There really is no better medium for large collections of great photography than a hefty coffee table book. Photography at MoMA: 1960 to Now compiles the best of the museum’s photography collection from the second half of the 20th century into their latest volume on the art form. The book’s eight chapters come alive in the full-color plates as well as with the essays that introduce each chapter and the in-depth introduction. Photography at MoMA is the picture-perfect gift for the shutterbug on your list.
Under-The-Jack Pack 2.0 – $55
I found my next backpack, if anyone is feeling generous: The Under-The-Jack Pack 2.0 from Betabrand. This ultra slim backpack is designed to carry the most basic of tech needs—your 13- or 15-inch laptop—and to even fit covertly under your jacket. It has room for a charger and your phone and can also store headphones in the strap pocket. Users have said it’s slim enough that carrying another bag on top of it and a coat while traveling doesn’t feel bulky and others say it’s a godsend for those using public transportation. I’ll be waiting patiently for mine…thanks, generous stranger.
Slate Tablet – $179
The Slate drawing tablet promises to bridge the gap between paper and digital drawing. The Slate lets you draw on paper with your own pens and pencils using sensors and a tiny ring slipped over your drawing utensil that communicates your movements to the device. The included Imagink app instantly displays your creations via the magic of Bluetooth on an iPad or iPhone, rendered in the style of your chosen tool. The Slate tablet can also be used in conjunction with other iOS drawing apps or as a standalone drawing tablet for use in your desktop applications.
Fifty Type Specimens: From the Collection of Tobias Frere-Jones – $25
Bring the typographic stylings of Tobias Frere-Jones into your—or someone else’s—everyday world. Fifty Type Specimens: From the Collection of Tobias Frere-Jones is a set of 50 postcards that comes in a collector box and features individual letterforms, type specimens, and close-ups of letters. Each sample is categorized into one of four geographic regions. Use the classic examples as inspiration, for display, or (gasp!) you can even mail them!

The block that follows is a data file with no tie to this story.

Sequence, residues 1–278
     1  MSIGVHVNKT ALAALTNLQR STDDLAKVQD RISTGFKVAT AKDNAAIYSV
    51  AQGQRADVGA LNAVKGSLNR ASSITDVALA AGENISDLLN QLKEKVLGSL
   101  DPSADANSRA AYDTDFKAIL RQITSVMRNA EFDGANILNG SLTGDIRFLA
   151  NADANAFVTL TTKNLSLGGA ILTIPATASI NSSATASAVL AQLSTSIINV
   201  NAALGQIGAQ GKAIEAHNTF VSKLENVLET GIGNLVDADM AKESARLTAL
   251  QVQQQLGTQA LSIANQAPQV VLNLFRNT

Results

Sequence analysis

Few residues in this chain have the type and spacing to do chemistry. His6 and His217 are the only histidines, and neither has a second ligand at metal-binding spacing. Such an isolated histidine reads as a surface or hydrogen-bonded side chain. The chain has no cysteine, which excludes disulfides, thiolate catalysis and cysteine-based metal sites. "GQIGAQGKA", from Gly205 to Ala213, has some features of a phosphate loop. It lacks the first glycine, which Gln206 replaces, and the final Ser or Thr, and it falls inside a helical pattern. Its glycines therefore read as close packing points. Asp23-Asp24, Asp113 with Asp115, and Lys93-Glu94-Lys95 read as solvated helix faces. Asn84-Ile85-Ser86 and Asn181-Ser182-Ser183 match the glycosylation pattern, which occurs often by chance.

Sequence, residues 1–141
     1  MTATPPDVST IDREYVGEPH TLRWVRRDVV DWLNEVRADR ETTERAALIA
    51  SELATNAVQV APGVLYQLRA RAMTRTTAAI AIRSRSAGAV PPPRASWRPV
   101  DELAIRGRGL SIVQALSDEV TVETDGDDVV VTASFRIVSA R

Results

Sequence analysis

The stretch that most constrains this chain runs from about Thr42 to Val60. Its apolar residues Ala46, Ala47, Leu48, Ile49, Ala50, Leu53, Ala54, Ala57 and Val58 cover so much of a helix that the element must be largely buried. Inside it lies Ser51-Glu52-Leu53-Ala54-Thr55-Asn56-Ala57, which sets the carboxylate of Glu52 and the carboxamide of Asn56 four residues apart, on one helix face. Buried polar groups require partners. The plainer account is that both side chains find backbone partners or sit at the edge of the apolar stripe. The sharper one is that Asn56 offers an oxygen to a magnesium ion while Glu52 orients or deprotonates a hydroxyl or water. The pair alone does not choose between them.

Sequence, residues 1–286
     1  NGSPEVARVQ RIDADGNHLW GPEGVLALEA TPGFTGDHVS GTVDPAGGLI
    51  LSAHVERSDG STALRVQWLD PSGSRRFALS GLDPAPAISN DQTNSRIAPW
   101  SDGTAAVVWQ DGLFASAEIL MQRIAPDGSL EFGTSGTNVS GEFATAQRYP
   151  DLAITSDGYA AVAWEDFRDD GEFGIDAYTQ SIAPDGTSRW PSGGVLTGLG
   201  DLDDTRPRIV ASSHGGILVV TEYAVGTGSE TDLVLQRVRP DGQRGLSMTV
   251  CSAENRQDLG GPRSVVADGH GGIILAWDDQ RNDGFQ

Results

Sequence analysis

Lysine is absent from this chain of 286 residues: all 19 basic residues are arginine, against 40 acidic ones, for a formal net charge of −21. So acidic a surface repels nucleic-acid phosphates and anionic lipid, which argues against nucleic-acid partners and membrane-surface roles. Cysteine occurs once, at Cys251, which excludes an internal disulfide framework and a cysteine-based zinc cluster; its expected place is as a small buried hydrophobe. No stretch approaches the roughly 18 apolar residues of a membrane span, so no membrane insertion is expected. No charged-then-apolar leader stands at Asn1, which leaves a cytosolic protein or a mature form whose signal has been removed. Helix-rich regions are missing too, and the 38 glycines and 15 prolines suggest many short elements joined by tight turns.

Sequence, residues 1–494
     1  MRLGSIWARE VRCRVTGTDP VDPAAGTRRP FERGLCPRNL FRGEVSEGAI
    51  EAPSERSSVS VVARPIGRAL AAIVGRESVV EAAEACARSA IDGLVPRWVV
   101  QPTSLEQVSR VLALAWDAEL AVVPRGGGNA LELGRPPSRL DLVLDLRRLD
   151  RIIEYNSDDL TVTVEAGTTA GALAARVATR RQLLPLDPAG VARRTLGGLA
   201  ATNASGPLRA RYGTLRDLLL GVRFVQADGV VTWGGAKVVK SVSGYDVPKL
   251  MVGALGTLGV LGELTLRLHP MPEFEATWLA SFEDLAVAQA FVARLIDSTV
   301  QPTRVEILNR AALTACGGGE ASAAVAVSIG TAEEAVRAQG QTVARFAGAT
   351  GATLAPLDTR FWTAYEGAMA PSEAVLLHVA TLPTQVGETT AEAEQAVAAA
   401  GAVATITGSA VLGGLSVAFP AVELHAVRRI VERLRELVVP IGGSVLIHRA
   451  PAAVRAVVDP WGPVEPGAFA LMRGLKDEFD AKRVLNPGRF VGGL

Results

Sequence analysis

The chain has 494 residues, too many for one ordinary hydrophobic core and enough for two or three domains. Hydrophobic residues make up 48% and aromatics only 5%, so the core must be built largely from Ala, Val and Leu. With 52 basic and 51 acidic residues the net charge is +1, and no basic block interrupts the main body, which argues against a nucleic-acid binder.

Spiderpodium – $25 on Amazon
Hold Everything! Well, almost everything. The Spiderpodium is a simple stand/mount for your mobile device, be that smartphone, GPS, or other techy gadget you look cool holding. Its eight legs—it’s a spidey thing, get it?—gives you options for wrapping your device up safely with legs to spare for hanging, gripping, and angling. Because you configure the layout, the Spiderpodium gives you so many options for what devices you can hold with it, and where.
Regrettable Supervillains – $17
For the comics/graphic novel lover on your list, you might want to check out this compendium of strange and cringe-worthy collection of supervillains throughout comics history. Jon Morris’ The Legion of Regrettable Supervillains: Oddball Criminals from Comic Book History is a followup to his book on equally regrettable superheroes and showcases some of the more obscure supervillains. Told with sarcasm and humorous commentary, this would be a quirky addition to any comics enthusiast’s collection.
#endofstory T-shirt – $22
There are too few InDesign-centric shirts out there, don’t you agree? Our good friend Chad Chelius is out to change that with his geeky and InDesign-centric shirt that reads simply: #endofstory. Now you younguns might read this as “hashtag end of story,” but those of us in the know get the joke. The hash (or pound sign, number sign, or, more correctly “octothorpe”) is the hidden character for the end of a story in InDesign. Just because I know that, doesn’t mean that I’m NOT imagining me wearing this shirt, putting a hand in front of a feisty client, and saying, “Hashtag end of story” and walking away.
I’m sure you’ll find something perfect for your creative friends and family—or me…ahem—on this list. If not, stay tuned for the goodies I have planned for Part 2 coming up next week!